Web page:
In its last two quarters, Amazon's (AMZN) revenue growth has slowed considerably. Furthermore, while many Amazon shareholders continue to be fanatic about the company and its future growth prospects, its lofty share price already factors this in.
Q1 2019 Guidance - Slowing Growth
Let's focus on the facts: Amazon's revenue growth rate is evidently slowing down. Yet, for now, shareholders appear to be unwilling and uninterested in dealing with this all-important fact. Amazon which is priced hotter than hot, is suffering from an inability to post above mid 20%-revenue growth in the future.
It's not hard to see why. Amazon has become so big that for it to come up with a further $50 billion of revenue above last year's $233 billion of revenue becomes a very challenging feat.
In the above graph, I have included Amazon's Q1 2019 growth rate at the high end of its guided range. Thus, stepping back, we have 2018 year-over-year growth of 31%. Then, as Amazon hit the final quarter of the year, its Q4 growth rate slowed down to 20% compared with the same period a year ago. And lastly, as we go forward, we can see that for Q1 2019, its expected growth rate is now in the mid-to-high teen range, which is certainly not commensurate with a high growth company any longer.
Significant Upcoming Investment in FY 2019
Next, Amazon said during its earnings call that 2016 and 2017 had been very investment intensive years for Amazon, as Amazon heavily invested for growth. And that on the back of those couple of years of investments, that Amazon's 2018 was able to benefit and digest those two back-to-back years of investment by not having to invest as aggressively in its business.
This statement can be certainly backed by the fact that in 2016, Amazon had a GAAP operating margin of 3.1% and in 2017, a similar operating margin at 2.3%. But Amazon's operating margin in 2018 jumped to 5.3%.
So Why Is This a Problem?
There is a very clear mismatch between the amount of spending which Amazon is putting into the company and the amount of growth that is coming out. In 2017, Amazon made an investment which made perfect sense in order to align itself with a revenue growth story, acquiring Whole Foods Market.
Why did this make sense? Because Whole Foods is a retailer. Consequently, it is able to generate a lot of revenue but is not very profitable. As such, by acquiring Whole Foods, Amazon did not have to deploy much capital for this acquisition. In the transaction, Amazon put aside less than $14 billion in 2017 for a company which recorded slightly more than $16 billion in revenue that year.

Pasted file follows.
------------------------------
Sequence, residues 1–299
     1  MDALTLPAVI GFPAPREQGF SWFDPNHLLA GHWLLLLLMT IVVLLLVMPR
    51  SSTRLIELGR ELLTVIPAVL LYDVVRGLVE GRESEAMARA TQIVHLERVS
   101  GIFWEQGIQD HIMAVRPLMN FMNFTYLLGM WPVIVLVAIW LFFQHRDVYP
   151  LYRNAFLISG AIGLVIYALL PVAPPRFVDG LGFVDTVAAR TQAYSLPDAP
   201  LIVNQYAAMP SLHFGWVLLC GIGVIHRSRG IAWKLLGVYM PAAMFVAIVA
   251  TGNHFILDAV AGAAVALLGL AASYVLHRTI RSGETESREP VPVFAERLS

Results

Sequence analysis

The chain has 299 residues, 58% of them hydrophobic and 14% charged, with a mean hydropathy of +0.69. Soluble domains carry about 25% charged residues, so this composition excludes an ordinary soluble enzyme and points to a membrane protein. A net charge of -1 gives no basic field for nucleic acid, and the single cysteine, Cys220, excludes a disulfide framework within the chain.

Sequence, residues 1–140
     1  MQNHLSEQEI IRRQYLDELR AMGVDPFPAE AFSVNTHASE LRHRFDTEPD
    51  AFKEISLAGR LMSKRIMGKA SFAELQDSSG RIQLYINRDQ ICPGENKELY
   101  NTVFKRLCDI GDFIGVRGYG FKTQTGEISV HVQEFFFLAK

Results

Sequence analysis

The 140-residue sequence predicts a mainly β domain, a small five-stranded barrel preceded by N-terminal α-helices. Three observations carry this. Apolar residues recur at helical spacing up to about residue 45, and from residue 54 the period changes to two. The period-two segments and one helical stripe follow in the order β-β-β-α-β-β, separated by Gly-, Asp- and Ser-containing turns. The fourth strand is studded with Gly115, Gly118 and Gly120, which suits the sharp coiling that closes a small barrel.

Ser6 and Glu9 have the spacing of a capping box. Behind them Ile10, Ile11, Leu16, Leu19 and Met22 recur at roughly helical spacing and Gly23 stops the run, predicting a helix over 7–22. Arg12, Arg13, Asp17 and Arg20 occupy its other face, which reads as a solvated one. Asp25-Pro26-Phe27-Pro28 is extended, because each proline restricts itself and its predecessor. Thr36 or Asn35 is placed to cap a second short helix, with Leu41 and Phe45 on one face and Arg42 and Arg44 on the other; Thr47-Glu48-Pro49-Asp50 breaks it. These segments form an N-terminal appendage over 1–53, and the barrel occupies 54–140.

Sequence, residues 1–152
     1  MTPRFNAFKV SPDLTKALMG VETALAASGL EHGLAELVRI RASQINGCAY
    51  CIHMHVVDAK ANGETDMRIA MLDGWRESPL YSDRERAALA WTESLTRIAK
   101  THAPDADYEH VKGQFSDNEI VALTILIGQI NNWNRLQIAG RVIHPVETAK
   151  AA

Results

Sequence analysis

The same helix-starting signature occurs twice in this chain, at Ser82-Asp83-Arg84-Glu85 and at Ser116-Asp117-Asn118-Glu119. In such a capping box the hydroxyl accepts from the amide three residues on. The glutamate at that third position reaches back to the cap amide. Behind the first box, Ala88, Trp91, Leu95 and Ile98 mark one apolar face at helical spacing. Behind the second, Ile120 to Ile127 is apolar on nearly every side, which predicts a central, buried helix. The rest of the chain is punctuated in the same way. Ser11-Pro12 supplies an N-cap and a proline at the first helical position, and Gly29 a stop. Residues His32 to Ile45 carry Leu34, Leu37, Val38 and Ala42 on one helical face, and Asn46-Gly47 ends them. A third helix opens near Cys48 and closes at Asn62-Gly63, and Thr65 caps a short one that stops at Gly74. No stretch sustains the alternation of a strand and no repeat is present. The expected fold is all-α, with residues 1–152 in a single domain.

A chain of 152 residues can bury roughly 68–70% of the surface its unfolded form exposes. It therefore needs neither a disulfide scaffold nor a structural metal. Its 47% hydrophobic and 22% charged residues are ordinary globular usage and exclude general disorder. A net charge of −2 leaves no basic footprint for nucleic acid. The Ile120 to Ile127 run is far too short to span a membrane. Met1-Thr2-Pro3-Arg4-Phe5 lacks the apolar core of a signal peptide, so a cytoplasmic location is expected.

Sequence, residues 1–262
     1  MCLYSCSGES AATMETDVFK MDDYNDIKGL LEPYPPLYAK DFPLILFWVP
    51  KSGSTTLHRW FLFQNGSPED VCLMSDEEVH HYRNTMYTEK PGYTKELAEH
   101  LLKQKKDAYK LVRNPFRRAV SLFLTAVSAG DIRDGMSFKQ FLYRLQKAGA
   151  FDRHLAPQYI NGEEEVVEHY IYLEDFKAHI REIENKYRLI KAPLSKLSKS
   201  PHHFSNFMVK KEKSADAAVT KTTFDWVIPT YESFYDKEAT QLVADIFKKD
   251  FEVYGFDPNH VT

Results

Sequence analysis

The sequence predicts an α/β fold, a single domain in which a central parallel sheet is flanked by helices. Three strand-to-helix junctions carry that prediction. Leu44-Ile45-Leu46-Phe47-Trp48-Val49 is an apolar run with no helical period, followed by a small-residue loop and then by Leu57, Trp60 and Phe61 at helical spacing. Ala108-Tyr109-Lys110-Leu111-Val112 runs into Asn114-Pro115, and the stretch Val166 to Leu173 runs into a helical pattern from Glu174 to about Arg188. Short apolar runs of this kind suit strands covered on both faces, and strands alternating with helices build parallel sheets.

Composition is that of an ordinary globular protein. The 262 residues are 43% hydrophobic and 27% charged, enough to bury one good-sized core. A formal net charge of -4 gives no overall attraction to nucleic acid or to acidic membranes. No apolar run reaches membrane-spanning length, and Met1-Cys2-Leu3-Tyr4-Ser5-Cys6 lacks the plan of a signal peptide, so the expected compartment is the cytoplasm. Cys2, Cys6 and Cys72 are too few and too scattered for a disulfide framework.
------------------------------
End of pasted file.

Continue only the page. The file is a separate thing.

In other words, Amazon was able to deploy capital, which investors would be willing to brush off as a one-off acquisition, in return for revenues. And these revenues are ones that investors would not only recognize as a recurring revenue stream, but reward with a high multiple, given that Amazon is a high growth, disruptive company.
And best of all? Amazon's acquisition of Whole Foods is not recognized in its income statement. Therefore it has no impact on Amazon's bottom line, EPS numbers. At the same time, it's highly accretive to Amazon's top line, the only financial metric that growth investors are truly interested in.
One final aspect of confusion arrives when it comes to Amazon's valuation.
In the table above, I have listed both Walmart (WMT) and Microsoft (MSFT) as Amazon's peers. How can this be? Well, that's part of the problem which investors are having. The vast majority of Amazon's revenues comes from its retail operations. Yet, approximately 60% of Amazon's consolidated operating income comes from its meaningfully more profitable AWS segment.
Investors are largely pricing Amazon off its total revenue when the majority of its revenue is unprofitable. So should Amazon be priced like a retailer? Or should Amazon be priced as a software business, seeing as how just over half its bottom line comes from its software operations?
I would argue that Amazon should be priced somewhere between a retailer and a recurring software business such as Microsoft's. But as the table shows, on P/Sales basis, Amazon is priced more expensively than Walmart. And on a P/Cash Flow from Operations basis, Amazon is priced more expensively than Microsoft.
There is simply no rational argument for how Amazon can possibly be underpriced and offer investors any margin of safety. On the top line, Amazon's revenue growth is slowing. And going into 2019, its bottom line is likely to compress as Amazon continues to invest for growth. Yet, for now, while the bull market continues, and the song keeps playing, investors are all too happy to stand up and dance.